A story should be so convincing that a character should be hated if he is hateful and loved if he deserves some loving. If a reader doesn’t cry at your sad scenes or laugh when a joke is made in the book then the story should be rewritten. A book is a small world; it should try to remain so. Readers should live in it and enjoy its government and people or hate it if it has bad economy and poverty etc, etc, etc.
You are not a good writer when readers hate you instead of the evil character in your book. This can happen when a writer keeps interfering and interrupting by overly inserting his views and personal opinions in a book. Let characters live their lives without you playing God and Judge and Preacher.
We will focus more on characters and characterization in our next session.
Now, referring to Consistency of a writer, please, be advised that if someone wants to be a writer he should simply start writing and keep at it. If a body does something over and over and over and again, he becomes good at it. If you consistently write, you will end up, perhaps, mistakenly putting out something that would pass the mark. If you write a thousand short stories, at least one out of them would be note worthy and get shared and comments and reviews. Consistency rewards a writer; you get better as you repeat your rubbish.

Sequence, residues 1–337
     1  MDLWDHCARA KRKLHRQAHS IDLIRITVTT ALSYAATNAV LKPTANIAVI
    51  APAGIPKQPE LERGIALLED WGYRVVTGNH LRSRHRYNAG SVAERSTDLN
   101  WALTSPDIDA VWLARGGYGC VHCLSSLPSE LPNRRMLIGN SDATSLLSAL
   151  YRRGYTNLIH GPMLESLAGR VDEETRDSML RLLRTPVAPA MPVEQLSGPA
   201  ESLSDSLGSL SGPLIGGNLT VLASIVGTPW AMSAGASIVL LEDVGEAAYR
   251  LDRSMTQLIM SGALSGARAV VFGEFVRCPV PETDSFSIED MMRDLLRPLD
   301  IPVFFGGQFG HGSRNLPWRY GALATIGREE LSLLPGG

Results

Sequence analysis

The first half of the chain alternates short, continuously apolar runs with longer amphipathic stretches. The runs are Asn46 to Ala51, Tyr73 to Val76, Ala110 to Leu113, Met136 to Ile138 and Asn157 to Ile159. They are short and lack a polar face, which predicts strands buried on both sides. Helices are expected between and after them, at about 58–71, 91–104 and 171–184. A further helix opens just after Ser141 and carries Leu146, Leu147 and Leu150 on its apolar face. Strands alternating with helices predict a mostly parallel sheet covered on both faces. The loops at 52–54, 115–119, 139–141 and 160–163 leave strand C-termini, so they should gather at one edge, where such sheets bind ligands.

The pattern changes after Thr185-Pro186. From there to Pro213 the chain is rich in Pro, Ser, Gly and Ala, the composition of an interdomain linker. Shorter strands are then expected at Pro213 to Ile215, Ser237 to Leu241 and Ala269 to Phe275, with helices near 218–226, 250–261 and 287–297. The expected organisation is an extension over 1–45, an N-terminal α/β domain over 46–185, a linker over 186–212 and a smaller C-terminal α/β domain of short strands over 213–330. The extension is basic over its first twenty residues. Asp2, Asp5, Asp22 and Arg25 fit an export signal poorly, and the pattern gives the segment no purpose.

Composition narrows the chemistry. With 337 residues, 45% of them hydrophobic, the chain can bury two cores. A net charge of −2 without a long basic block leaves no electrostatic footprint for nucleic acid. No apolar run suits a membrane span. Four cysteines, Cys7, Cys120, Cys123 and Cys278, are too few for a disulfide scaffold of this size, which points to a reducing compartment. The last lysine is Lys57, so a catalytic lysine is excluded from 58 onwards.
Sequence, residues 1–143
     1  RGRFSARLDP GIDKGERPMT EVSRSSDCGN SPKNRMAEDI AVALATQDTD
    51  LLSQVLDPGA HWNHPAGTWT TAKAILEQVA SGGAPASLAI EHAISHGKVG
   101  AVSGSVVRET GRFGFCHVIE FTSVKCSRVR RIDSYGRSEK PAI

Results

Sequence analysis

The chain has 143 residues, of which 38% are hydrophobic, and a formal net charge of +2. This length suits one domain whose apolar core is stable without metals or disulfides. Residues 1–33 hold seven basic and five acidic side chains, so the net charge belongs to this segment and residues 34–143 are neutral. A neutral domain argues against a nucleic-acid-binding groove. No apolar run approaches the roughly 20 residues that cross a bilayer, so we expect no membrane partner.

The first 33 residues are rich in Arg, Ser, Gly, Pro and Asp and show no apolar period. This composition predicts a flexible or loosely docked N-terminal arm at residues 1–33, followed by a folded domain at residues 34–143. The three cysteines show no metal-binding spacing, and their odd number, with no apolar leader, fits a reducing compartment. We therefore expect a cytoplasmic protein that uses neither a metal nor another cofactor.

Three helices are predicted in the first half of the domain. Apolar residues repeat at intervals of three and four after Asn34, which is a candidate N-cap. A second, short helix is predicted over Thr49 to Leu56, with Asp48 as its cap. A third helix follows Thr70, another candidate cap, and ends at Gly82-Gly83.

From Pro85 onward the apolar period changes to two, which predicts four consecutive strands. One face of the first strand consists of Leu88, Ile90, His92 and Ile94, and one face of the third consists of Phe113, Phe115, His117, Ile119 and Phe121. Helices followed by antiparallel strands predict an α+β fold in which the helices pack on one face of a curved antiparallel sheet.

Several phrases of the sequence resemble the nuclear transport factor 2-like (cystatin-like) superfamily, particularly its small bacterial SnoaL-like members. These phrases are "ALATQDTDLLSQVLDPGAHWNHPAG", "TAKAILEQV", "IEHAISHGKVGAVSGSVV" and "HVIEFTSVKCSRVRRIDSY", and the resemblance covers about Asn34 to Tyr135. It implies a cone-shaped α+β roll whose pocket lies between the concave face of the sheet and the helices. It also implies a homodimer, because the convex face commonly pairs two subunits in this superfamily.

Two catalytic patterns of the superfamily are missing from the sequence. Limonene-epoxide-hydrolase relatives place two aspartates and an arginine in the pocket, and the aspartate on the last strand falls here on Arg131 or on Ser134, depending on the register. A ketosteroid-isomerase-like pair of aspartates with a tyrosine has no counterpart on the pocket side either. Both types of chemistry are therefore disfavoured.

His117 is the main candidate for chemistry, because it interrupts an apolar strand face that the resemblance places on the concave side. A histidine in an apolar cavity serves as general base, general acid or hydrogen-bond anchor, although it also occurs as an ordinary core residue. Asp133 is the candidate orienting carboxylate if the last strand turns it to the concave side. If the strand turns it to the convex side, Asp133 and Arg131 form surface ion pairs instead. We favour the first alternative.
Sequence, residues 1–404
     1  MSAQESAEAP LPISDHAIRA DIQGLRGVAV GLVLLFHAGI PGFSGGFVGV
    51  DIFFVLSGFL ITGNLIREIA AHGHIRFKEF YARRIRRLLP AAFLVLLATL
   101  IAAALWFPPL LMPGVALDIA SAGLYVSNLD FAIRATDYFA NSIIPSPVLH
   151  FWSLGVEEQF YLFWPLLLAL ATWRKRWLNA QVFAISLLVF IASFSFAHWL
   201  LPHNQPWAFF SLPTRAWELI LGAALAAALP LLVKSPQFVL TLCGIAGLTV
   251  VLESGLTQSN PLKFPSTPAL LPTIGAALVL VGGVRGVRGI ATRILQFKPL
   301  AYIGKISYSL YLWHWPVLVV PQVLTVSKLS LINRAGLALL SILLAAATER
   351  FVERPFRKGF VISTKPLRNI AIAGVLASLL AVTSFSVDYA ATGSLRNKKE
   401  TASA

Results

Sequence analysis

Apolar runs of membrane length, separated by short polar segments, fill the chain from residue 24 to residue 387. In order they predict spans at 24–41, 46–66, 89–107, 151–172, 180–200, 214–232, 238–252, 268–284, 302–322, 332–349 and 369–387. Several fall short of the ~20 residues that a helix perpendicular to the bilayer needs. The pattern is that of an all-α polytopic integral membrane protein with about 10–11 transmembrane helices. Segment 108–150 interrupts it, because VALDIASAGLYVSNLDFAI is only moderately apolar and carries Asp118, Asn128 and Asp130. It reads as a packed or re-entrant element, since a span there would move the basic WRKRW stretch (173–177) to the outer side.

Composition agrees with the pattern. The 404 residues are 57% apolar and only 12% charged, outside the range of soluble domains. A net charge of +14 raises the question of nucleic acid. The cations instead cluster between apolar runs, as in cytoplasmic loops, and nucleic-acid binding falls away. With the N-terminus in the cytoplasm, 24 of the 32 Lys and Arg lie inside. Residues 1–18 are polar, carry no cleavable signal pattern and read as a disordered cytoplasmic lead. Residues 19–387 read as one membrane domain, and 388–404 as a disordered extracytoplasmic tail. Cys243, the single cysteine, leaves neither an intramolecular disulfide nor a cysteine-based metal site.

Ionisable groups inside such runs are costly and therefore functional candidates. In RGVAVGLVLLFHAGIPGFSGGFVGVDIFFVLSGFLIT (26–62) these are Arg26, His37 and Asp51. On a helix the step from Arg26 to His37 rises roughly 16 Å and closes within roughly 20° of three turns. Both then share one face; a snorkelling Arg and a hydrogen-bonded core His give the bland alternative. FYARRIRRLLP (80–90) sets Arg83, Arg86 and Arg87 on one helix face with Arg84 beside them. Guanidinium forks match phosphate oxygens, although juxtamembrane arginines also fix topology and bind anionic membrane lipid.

Consistency of hobby matters too, anyone who wants to be a writer should enjoy reading and writing and not have hobbies totally in opposition and always fighting. Being a good writer has a lot to do with the friends you keep. Overly friendly people do not make good writers. Writers are supposed to be reclusive, aloof and very annoying -except if the writer is female and wants to get married. A good writer should not be best friends with motor park touts, or physical science, or mathematics.
If you do not have any eccentricities attached to your person as yet, please inculcate one- the crazier the better. It is not good habit for a writer to be proper and normal.
We will continue.